Why is the Latin phrase: horror vacui commonly interpreted as: nature abhors a vacuum?
It may well be Aristotle's intended message, given the context, but it seems like a bit of a jump. Doesn't it? I'm sure I must be wrong; Aristotle was famously well spoken and well educated, and modern academics and well educated people seem to accept this translation/interpretation. I just can't see how or why, so I invite you to correct me.
In case the reasons for my confusion aren't obvious; trying to reconcile it, my inner monologue went something like this:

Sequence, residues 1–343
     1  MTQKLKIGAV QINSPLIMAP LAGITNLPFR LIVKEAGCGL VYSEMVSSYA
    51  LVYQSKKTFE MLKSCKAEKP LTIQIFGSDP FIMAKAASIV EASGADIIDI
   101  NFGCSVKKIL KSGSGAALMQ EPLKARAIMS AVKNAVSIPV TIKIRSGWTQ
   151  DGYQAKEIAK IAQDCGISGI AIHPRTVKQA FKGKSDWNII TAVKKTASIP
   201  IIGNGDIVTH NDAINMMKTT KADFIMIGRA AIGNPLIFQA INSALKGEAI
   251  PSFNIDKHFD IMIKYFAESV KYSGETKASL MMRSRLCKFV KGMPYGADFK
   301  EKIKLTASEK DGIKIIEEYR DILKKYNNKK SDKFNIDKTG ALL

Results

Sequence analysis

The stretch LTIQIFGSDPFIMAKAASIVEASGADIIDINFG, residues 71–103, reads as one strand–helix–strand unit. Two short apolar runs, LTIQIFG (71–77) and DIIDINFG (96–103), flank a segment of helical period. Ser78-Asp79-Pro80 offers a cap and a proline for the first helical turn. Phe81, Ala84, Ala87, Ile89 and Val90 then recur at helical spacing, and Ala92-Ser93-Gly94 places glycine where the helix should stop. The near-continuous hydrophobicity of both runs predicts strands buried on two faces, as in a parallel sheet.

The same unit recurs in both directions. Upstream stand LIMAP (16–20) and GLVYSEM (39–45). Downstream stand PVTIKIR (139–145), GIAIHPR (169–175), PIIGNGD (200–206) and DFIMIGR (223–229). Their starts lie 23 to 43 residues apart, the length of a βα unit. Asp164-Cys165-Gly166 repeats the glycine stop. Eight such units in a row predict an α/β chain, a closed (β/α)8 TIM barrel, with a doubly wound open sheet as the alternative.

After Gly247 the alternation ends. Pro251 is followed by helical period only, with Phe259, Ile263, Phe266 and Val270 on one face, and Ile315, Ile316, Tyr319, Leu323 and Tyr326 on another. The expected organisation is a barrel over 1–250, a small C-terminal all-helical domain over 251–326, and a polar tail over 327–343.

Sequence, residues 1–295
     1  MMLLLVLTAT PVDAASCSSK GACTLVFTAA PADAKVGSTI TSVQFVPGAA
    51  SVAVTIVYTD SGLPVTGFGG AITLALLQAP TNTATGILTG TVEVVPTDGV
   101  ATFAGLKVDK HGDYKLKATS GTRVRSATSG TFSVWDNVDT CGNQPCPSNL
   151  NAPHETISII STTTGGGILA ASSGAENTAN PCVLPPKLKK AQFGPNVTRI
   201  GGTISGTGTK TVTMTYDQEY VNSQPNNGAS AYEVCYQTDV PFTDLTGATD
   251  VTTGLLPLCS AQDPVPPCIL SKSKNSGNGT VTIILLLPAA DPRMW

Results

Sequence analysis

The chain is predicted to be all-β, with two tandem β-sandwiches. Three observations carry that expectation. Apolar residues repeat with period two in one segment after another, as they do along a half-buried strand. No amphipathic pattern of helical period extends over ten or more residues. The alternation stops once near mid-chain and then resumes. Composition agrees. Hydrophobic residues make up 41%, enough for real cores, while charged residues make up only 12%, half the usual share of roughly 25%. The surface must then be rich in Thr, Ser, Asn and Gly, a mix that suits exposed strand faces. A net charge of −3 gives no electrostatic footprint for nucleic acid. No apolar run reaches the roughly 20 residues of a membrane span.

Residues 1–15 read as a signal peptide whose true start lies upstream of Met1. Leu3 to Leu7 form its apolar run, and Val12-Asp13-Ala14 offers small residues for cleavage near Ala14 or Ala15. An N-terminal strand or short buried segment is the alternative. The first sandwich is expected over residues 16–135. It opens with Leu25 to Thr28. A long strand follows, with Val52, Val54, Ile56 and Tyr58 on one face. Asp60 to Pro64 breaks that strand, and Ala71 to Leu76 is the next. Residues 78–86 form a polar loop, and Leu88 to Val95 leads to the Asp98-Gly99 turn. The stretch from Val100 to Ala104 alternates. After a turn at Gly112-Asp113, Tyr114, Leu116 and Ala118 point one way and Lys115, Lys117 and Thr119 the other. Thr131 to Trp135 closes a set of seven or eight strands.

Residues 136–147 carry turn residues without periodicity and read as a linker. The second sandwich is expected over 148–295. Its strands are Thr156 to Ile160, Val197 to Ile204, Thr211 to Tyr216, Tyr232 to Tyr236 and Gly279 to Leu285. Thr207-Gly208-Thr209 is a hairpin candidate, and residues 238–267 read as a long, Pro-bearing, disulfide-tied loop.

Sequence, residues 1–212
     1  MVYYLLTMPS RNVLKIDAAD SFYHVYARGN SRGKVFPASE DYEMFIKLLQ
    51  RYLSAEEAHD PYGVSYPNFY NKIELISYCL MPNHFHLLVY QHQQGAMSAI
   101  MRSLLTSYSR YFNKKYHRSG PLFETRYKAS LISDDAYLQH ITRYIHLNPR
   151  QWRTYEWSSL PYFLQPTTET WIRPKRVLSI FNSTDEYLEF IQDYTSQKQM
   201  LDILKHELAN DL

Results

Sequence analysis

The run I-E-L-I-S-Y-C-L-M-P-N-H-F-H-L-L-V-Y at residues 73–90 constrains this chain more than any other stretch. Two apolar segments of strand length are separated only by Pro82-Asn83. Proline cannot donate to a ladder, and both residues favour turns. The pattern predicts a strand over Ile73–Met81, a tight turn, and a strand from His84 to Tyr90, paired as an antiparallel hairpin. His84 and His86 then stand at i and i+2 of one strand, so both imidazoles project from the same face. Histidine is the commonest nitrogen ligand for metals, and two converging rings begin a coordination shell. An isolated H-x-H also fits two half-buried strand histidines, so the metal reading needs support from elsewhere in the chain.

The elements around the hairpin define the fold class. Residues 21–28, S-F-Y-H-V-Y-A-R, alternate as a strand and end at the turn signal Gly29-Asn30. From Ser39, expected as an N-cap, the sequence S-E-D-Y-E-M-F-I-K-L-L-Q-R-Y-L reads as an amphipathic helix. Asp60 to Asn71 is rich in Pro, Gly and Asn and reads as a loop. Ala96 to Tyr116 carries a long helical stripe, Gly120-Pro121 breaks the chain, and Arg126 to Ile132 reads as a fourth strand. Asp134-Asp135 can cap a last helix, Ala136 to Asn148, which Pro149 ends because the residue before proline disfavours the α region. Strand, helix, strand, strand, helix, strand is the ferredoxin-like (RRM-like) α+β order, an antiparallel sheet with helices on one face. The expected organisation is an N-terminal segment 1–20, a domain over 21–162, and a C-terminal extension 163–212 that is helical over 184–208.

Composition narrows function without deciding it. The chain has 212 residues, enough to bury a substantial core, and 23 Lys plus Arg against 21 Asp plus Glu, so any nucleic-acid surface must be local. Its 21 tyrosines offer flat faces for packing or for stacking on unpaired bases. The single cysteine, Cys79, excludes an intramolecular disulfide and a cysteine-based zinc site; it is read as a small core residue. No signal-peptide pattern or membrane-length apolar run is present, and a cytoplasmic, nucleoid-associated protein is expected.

- It's just two words: horror (fear?) & void (vacuum?).
- There's no mention of nature, natura, naturae, etc.
- Why horror? Wouldn't timor or metu be more appropriate when talking about fears or phobias?
- Why vacui? Isn't vacuum a Latin noun already?
- Wouldn't it be more along the lines of something like:
- naturae abhorreos vacui, or
- natura abhorret vacuum?